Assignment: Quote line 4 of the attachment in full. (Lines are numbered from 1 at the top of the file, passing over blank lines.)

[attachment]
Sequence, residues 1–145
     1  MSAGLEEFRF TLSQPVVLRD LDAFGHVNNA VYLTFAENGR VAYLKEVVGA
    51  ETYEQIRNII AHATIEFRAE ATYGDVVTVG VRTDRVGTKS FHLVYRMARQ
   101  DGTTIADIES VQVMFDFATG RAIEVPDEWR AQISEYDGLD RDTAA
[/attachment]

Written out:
   101  DGTTIADIES VQVMFDFATG RAIEVPDEWR AQISEYDGLD RDTAA